In the past decades, historians of Latin America have shown renewed interest in the political, fiscal, and commercial effects of imperial reforms and warfare in altering the relationship between Spain and its American colonies. Historians often emphasize the mercantilist drive of the Bourbon reforms, which they believe resulted in the transference of resources and large sums of capital from Spanish America to Iberia in what John Lynch compared to a “second conquest” of Latin America. The Politics of Giving in the Viceroyalty of Rio de la Plata provides a new perspective on the financing of the Spanish empire in the late colonial period. Through careful and detailed examination of the fiscal measures employed in the Río de la Plata, and especially the donativos (gifts and giving to the crown), Viviana Grieco argues that large portions of these funds stayed in the Americas...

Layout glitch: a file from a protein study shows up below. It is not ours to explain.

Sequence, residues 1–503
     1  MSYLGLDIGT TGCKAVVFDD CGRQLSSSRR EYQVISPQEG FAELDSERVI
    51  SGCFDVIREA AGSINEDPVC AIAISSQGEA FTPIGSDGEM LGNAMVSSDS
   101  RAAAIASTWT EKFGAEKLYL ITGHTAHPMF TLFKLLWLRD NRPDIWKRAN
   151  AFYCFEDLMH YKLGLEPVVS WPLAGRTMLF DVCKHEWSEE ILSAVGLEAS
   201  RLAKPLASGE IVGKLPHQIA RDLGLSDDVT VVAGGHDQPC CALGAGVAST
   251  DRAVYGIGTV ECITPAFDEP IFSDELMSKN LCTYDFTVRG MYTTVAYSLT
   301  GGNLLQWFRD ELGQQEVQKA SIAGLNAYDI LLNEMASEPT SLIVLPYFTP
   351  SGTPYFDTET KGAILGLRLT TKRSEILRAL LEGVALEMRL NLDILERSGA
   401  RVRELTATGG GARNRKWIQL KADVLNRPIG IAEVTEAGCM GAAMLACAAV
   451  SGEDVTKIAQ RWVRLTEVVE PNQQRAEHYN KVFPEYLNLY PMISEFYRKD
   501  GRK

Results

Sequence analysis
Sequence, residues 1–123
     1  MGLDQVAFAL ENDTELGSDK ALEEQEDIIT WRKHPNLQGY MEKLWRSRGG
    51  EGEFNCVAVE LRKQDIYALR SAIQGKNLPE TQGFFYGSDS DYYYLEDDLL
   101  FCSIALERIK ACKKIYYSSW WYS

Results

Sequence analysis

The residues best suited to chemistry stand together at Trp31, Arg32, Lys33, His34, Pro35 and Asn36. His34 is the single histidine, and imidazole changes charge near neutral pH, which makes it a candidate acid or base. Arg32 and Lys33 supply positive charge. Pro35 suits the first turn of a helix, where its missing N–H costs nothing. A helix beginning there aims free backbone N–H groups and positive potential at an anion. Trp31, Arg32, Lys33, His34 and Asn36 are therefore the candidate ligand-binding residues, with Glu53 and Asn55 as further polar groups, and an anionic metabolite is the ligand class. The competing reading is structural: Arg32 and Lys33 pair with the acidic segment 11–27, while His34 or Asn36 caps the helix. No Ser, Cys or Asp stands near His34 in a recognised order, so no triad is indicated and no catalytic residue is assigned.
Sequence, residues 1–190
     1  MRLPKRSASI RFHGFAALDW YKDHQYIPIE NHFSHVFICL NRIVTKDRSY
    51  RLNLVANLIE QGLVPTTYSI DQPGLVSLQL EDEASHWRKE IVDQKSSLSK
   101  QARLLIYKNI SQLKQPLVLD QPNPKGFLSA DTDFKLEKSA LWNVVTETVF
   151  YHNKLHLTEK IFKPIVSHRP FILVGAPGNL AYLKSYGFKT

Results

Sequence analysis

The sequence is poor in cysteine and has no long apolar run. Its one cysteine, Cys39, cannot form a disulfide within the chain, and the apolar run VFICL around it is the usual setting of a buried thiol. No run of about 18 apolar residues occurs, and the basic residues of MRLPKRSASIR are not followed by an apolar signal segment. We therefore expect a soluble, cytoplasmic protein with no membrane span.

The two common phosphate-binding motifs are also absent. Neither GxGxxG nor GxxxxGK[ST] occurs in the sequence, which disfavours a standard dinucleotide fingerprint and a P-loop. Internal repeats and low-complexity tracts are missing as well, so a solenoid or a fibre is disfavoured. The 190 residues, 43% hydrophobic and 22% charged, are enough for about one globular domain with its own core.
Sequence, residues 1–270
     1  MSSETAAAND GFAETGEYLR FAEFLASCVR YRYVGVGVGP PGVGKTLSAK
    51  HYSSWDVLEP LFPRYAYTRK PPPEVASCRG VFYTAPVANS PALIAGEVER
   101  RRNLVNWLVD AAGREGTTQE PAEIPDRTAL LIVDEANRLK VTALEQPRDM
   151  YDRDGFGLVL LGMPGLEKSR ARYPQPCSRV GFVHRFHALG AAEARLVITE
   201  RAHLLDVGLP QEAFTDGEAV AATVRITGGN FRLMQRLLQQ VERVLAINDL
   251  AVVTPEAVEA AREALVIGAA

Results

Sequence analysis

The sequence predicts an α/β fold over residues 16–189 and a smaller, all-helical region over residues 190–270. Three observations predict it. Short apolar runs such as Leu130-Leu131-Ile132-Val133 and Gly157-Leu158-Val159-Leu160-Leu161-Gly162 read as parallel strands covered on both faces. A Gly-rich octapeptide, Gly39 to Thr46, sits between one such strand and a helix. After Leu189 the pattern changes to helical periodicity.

Fabricio Prado; The Politics of Giving in the Viceroyalty of Rio de la Plata: Donors, Lenders, Subjects, and Citizens. Hispanic American Historical Review 1 May 2015; 95 (2): 353–355. doi: https://doi.org/10.1215/00182168-2874710
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